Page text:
Fisherfolk and climate activists want the federal and state governments to step in to stop multinational companies Schlumberger and TGS from conducting seismic surveys for gas below the ocean floor in the Otway Basin.
The site area covers approximately 700 kilometres, starting offshore from Robe, South Australia, and extending to a point 39 kilometres west of King Island, Tasmania.
Lisa Deppeler, from Otway Climate Emergency Action Network (OCEAN), said on August 24 that apart from the damage to sea ecosystems, any gas that is located would take 15 years to come online and be productive. “We need to have transitioned away from fossil fuels and their harmful emissions by then.”
Deppeler said Schlumberger and TGS “bypassed the process by which exploration titles are granted” and did minimal consultation with affected communities, including the traditional owners of Gunditjmara Sea Country.
“They are calling the shots here,” she said, adding that the government must stop the proposal.
Seismic surveys include using destructive blasts of compressed air to create sound waves that can exceed over 250 decibels, that are let off every 10 seconds, 24 hours a day.
“We need to take urgent action on the climate and biodiversity crisis, not continue to allow massive, speculative expansion of fossil fuel industries,” Deppeler said.
The proposed survey area intersects with the Zeehan Australian Marine Park as well as the eastern side of the Great Australian Bight, which is home to a variety of iconic marine species, 85% of which are unique to the area.
Apart from the endangered marine life, the area is also critical for commercial fisheries.
OCEAN, the Apollo Bay Fishermen’s Co-op and local residents all want the survey stopped. Markus Nolle from the Apollo Bay Fishermen’s Co-op said the environment needs to be nurtured “to ensure there is more fresh, local seafood for generations to come”.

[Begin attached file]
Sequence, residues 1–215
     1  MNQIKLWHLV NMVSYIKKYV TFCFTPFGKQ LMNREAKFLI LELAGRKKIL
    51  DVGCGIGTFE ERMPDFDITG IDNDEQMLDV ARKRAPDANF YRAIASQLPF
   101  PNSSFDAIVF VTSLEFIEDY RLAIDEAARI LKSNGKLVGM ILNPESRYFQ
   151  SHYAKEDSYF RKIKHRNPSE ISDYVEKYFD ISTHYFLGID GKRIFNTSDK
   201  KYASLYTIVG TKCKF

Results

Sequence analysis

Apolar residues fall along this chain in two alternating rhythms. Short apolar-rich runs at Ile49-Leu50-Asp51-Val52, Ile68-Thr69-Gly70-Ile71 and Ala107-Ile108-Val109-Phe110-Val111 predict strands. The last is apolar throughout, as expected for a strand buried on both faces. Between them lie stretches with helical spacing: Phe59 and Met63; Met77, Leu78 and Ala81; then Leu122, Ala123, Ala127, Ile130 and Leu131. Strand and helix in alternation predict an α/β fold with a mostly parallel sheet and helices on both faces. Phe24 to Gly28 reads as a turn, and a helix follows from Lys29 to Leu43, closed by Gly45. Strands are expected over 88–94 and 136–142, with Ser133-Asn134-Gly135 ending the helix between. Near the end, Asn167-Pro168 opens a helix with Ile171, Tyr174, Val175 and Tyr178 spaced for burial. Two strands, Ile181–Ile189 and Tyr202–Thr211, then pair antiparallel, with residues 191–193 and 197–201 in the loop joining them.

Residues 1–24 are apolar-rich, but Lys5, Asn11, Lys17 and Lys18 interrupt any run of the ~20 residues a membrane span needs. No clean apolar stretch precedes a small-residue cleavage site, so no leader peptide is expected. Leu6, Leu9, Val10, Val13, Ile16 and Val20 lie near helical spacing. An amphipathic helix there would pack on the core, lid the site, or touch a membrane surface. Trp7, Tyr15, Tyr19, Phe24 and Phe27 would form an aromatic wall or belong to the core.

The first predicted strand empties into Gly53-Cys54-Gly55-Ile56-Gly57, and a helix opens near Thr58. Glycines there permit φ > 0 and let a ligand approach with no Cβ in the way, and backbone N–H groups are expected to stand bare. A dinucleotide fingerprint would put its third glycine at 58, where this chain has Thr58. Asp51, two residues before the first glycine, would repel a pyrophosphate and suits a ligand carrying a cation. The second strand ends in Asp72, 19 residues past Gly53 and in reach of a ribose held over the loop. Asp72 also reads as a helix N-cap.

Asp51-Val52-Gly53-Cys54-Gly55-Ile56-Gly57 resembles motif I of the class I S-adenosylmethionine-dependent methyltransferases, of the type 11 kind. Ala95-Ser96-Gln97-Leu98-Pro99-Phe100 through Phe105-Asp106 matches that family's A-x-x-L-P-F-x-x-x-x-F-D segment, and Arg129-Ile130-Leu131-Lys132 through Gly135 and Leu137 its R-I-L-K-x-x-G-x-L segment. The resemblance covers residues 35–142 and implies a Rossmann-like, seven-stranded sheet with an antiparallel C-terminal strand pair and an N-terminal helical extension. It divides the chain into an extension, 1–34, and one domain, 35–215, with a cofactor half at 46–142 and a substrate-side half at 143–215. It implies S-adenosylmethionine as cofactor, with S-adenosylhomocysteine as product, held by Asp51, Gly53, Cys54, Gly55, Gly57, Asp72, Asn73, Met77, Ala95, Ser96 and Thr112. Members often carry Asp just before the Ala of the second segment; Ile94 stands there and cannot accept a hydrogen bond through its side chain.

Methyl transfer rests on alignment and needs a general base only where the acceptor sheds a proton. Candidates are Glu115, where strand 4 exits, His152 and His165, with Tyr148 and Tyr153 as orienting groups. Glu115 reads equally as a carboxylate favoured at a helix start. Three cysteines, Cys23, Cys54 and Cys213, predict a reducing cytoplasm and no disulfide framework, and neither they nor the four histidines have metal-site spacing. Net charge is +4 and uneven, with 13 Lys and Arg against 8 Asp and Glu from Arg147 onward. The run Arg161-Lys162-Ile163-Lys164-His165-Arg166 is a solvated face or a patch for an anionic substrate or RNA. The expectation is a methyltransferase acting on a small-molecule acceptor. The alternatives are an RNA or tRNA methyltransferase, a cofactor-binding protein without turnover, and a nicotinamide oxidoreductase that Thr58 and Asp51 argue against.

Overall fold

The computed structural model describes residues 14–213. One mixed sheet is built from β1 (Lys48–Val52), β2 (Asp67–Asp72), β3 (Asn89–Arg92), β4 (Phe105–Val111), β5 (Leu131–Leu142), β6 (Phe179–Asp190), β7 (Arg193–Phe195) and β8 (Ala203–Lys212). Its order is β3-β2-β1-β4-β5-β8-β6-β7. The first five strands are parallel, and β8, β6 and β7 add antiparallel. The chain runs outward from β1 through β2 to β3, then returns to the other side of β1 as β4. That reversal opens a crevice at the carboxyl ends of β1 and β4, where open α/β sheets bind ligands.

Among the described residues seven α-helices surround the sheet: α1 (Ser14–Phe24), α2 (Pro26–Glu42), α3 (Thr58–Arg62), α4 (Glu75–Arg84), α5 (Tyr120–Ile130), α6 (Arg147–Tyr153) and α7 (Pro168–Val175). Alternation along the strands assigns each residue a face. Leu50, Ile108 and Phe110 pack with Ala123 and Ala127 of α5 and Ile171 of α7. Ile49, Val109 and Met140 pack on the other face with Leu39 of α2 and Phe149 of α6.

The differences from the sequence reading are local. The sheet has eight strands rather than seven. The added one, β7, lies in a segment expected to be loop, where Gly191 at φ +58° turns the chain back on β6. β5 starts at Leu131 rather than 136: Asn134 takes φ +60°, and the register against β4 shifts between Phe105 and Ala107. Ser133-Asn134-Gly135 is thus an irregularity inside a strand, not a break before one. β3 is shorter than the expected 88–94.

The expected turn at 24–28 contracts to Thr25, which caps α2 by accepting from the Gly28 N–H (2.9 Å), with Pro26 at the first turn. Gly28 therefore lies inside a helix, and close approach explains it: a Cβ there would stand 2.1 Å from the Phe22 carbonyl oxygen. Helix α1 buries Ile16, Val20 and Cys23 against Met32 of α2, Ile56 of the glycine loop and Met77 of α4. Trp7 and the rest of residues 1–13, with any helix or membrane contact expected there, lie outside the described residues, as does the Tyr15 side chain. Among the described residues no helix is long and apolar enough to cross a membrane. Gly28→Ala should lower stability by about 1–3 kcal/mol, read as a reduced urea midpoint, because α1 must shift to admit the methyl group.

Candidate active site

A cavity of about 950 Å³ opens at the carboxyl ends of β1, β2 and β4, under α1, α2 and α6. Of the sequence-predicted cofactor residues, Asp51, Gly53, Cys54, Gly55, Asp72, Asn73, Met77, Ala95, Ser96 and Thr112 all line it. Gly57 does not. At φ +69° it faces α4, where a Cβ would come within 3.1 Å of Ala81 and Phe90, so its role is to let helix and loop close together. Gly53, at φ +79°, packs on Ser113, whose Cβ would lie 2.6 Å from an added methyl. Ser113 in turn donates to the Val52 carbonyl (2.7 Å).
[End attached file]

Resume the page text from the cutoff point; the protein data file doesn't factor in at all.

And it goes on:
He said knowingly damaging the oceans for the sake of outdated and unnecessary fossil fuel exploration is wrong. “Seismic activity on this scale will have a huge impact; it will kill planktonic fauna [a food-chain foundation], displace migratory finfish, and fatally damage other oceanic species. This would not be allowed on the land, so why allow it in the sea?”
Seismic surveys can damage and kill zooplankton for a radius of at least 1.2 kilometres with every blast, according to Ocean Watch Australia.
Zooplankton are the foundation of life in the ocean and any impact to zooplankton communities can impact entire ecosystems.
Trevor Barker, who fishes for southern rock lobster in Apollo Bay Harbour, recalled the year when a reef at Moonlight Heads was seismic blasted. “I didn’t get one cray afterwards. What’s worse, the pots came up completely empty — no bycatch, nothing.”
“Our rock lobster fishery is one of the most sustainable fisheries in the world because it is so heavily regulated and monitored,” Barker said. “Yet, these survey companies come into our fishing grounds and blast away with minimal regulation, even in marine parks that are set aside to protect biodiversity.”
Immediately after seismic testing in Lakes Entrance, Victoria, in 2020, fisheries suffered a reduction in whiting catches of 99.5% and flathead catches reduced by 71%.
Seismic blasts also impact the breeding, feeding and migration of whales, making them vulnerable to navigation errors and predation.